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1329

can be written. Here, b is the reciprocal lattice vector. If eq. (18.37) is substituted into eq. (18.36) and a linear dispersion relation is assumed, ω(k) = ck, then k1 + k2 = k3 + b

(18.38)

This equation is often referred to as the conservation of quasi-momentum, where ¯hk represents the phonon momentum. If b = 0, the collision is called a normal or N process, and if b = 0, the process is referred to as an Umklapp or U process. Examples of normal and Umklapp processes in one dimension are shown in Fig. 18.11. The importance of distinguishing between N processes and U processes becomes apparent at low temperatures. At low temperatures, only long-wavelength phonons are excited, and these phonons have small wavevectors. Therefore, only normal scattering processes occur at low temperatures. Normal processes do not contribute to thermal resistance; therefore, phonon–phonon collisions do not contribute to lowtemperature thermal conductivity. For higher temperatures, above the Debye temperature, however, all allowable modes of vibration are excited and the overall phonon population increases with temperature. Therefore, the frequency of U processes increases with increasing temperatures. This is the case for high temperatures, T > θD , where the mean free path lpp is inversely proportional to temperature: lpp ∝

1 T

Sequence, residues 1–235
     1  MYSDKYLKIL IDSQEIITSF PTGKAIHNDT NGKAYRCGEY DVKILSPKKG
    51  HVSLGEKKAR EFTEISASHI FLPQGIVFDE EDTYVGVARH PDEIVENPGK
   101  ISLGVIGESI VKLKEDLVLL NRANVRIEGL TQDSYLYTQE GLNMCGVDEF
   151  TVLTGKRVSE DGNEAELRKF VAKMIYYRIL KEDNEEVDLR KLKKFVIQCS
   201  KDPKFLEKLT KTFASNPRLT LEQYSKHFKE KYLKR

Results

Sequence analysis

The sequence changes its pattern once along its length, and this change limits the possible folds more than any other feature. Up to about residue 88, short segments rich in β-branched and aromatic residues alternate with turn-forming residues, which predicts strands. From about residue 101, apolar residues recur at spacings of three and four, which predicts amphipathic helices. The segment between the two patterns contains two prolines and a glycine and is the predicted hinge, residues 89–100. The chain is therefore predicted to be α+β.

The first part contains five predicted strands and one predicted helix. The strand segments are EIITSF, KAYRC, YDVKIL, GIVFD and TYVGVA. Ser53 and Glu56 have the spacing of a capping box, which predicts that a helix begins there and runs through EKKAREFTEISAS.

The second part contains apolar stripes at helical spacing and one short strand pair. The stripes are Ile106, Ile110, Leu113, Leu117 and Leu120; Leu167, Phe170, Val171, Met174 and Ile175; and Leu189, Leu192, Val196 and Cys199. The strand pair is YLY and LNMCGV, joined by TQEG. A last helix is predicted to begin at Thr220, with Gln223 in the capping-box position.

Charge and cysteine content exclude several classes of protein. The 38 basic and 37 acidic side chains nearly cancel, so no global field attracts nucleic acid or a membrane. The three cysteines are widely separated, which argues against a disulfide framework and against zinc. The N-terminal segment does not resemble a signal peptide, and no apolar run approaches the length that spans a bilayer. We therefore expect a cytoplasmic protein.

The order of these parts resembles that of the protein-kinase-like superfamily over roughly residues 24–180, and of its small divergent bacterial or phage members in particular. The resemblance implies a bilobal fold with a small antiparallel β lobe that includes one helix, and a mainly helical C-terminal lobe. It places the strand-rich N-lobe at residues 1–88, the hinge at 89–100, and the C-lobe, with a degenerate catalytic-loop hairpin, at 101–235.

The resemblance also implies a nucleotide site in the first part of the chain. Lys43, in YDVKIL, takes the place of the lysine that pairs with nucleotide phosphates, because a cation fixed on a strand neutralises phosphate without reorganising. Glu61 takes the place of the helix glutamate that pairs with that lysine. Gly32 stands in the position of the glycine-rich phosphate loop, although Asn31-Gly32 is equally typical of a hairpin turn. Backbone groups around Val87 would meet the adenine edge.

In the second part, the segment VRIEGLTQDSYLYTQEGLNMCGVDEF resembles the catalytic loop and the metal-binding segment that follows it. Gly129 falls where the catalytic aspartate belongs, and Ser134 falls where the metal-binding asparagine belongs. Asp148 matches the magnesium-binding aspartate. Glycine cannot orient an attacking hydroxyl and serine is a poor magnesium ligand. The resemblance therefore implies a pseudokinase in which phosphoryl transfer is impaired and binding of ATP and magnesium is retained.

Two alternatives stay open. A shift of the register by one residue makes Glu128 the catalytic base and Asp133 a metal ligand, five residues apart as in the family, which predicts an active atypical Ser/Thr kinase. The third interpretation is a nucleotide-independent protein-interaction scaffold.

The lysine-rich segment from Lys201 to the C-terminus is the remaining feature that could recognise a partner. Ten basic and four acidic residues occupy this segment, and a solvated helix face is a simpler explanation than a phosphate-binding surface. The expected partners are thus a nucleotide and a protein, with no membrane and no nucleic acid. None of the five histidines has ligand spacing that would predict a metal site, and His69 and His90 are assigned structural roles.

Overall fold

(18.39)

Figure 18.12 shows the thermal conductivity of three elements, all of which have the diamond structure and all of which exhibit the same general trend of thermal conductivity. At low temperatures, the normal processes do not affect the thermal conductivity. Defect and boundary scattering are independent of temperature; therefore, the temperature dependence arises from the heat capacity and follows the expected T 3 behavior. As the temperature increases, the heat capacity becomes constant, while the mean free path decreases, resulting in the approximately T 1 behavior at higher temperatures. The thermal conductivity of crystalline SiO2 , quartz, is shown in Fig. 18.13. The thermal conductivity has the same T 3 behavior at low temperature and T 1 behavior at

Figure 18.11 (a) Normal process where two phonons collide and the resulting phonon still resides within the Brillouin zone. (b) Umklapp process where two phonons collide and the resulting wavevector must be translated by the reciprocal lattice vector b to remain within the original Brillouin zone.

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[1330], (22) Figure 18.12 Thermal conductivity of the diamond structure shown as a function of temperature. (From Powell et al., 1974.)

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Figure 18.13 Thermal conductivity of crystalline and amorphous forms of SiO2 . (From Powell et al., 1966.)

high temperature. The thermal conductivity is plotted for the direction parallel to the c-axis because quartz has a hexagonal crystalline structure. The thermal conductivity of fused silica, also shown in Fig. 18.13, does not follow this behavior since it is an amorphous material and does not have a crystalline structure. The thermal conductivity of amorphous materials is an entirely different subject, and the reader is referred to several good references on the subject, such as Cahill and Pohl (1988) and Mott (1993).